Build network controlled tally lights for live cameras, intended for control by OBS but extensible enough to use for whatever you like.

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A network controlled tally light to indicate which cameras or video sources are live or being previewed. Rather than having the lights hit a web gateway hosted by OBS (or a similar production suite), this reaches out directly to the tally lights and controls them over HTTP. This does not use the OBS websocket plugin and there is no need to open up any firewall holes to your OBS production box - instead the script pushes out commands directly to your lights.

TallyOBS is built for the Raspberry Pi or the ESP32-S2 and a variety of LED breakout boards, including the Pimoroni Blinkt! as well as the the NeoPixel platform.

TallyPi, the Raspberry Pi version of the lights, also supports hardware buttons/switches to shutdown the Pi and wake it back up.

There is also an enclosure supplied that can be 3D printed. It's primitive, but it works as a light diffuser and includes a mount for a camera flash bracket.

A web service is provided to expose LED breakout boards through an HTTP interface. This controls color and brightness, and will monitor the on/off switch (if available) to shut down the light in an orderly fashion.

An HTTP interface is provided that allows for color control and brightness to be specified remotely. As an example:

Would set all LEDs to be purple at 30% brightness.

The status of the LED panel is available as:

If you would like to tweak an individual light, an HTML dashboard for controlling colors and brightness is available at:

Details on installing the software, as well as protecting your Pi for repeated use, is available within the GitHub repo.

An OBS script to control the lights over this HTTP interface is available with the TallyOBS plugin project.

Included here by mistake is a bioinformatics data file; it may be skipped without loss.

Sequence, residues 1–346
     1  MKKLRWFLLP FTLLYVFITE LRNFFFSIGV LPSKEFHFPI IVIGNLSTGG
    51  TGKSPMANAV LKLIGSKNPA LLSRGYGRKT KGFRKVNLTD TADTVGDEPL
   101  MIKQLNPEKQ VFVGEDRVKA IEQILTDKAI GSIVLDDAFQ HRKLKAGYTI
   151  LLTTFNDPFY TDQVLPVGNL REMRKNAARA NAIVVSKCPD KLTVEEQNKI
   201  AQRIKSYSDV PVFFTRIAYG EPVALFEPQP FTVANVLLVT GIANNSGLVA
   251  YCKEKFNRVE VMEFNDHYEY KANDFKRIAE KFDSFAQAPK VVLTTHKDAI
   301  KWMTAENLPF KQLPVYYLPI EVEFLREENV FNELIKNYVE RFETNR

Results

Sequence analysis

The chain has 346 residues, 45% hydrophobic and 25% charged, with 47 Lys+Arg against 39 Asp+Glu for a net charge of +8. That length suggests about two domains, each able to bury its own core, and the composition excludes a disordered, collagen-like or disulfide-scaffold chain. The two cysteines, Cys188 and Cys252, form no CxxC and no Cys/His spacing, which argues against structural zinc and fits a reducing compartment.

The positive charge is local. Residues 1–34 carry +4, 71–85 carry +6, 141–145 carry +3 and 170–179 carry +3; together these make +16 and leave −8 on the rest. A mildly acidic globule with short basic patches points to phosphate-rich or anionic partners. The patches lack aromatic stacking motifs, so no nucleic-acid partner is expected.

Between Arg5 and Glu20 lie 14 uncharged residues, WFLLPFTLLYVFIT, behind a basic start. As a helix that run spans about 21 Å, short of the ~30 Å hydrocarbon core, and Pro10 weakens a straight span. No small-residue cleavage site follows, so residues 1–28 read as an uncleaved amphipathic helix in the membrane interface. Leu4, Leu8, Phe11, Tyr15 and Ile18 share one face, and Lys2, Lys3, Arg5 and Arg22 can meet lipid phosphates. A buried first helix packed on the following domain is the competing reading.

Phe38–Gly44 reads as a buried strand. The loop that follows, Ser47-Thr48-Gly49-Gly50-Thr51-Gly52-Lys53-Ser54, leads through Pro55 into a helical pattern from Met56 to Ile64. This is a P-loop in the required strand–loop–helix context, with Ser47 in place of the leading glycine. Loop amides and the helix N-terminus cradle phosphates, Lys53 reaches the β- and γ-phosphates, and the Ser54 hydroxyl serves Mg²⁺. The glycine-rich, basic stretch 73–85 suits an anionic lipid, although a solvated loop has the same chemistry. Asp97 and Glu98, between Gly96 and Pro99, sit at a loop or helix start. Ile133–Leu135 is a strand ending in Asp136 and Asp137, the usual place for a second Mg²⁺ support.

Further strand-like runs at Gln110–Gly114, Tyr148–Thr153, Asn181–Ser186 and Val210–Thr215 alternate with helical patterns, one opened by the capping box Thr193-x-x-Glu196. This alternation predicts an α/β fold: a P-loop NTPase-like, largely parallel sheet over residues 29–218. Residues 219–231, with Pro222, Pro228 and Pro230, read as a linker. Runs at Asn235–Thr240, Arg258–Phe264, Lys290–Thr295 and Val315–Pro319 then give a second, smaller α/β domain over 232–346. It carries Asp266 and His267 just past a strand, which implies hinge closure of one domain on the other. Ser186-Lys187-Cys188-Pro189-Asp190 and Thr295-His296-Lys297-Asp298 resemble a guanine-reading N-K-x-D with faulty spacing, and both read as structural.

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  • Now Supports CircuitPython!

    DeckerEgo03/30/2022 at 01:49 0 comments

    This humble tally light project has now broken into three! Now that we support both CircuitPython and the ESP32-S2 as well as the Raspberry Pi platform, the project now has three parts:

    1. TallyOBS, the OBS script which can talk to both the ESP32-S2 and the Raspberry Pi remote lights
    2. TallyPi, the Raspberry Pi version of the remote-controlled LED tally lights
    3. TallyCircuitPy, the ESP32-S2 version powered by CircuitPython

    The TallyOBS project can power either type of tally light, but the tally lights themselves can be operated independently. Since both types of lights have the same API, both platforms can be used if you want!

    Also you don't need OBS to use the lights - they respond using the HTML dashboard, curl, or any method you like to send HTTP commands. If you have the hardware on hand, you can easily build out either platform quickly!

  • NeoPixel & Blinkt! pHat Support

    DeckerEgo07/07/2021 at 02:42 0 comments

    TallyPi has just moved to Python 3, and with it gained support for two new LED platforms: NeoPixel and Blinkt! pHat.

    The NeoPixel platform should be widely available and well-known. In particular I have validated the 5x10 PixelLeaf RGB Matrix for use with TallyPi, using the Adafruit Blinka libraries. The LEDs are incredibly bright, even without level shifting.

    Pimoroni's Blinkt! pHat doesn't have nearly as many LEDs as the PixelLeaf or the now discontinued Unicorn pHat, however installation is incredibly simple. No soldering required, and the LEDs are bright enough for most indoor conditions.

    An improved HTML dashboard, much faster Python OBS script, and documentation fixes are also about to be released with version 0.5.

  • Python Supported (Again)

    DeckerEgo06/28/2021 at 02:44 0 comments

    Now that Python support for MacOS has returned in OBS 27, Python is now re-established as the default script type for TallyPi. The Lua script will continue to be supported - so both are viable options.

    Bear in mind the Lua script actually just turns around and calls curl... so it's not a portable option. The Python script is self-contained and uses the default Python HTTP libraries.

  • Adding HTML Dashboard Support

    DeckerEgo05/09/2021 at 23:01 0 comments

    Having HTTP-controlled lights are great, but finding a headless Raspberry Pi on your network can be a pain if your gateway doesn't support proxied DNS resolution based on DHCP hostnames. Even if you grant your Pi a name like "tallypi01," it may not resolve that as a hostname on your network.

    To help roll with that, TallyPi's HTTP server now supports Cross-Origin Resource Sharing, so you can execute JavaScript within your browser of choice to quickly crawl your subnet and find each light's current status. And example ships within scripts/dashboard.html - demonstrating how an HTML page served locally can find lights on your network.

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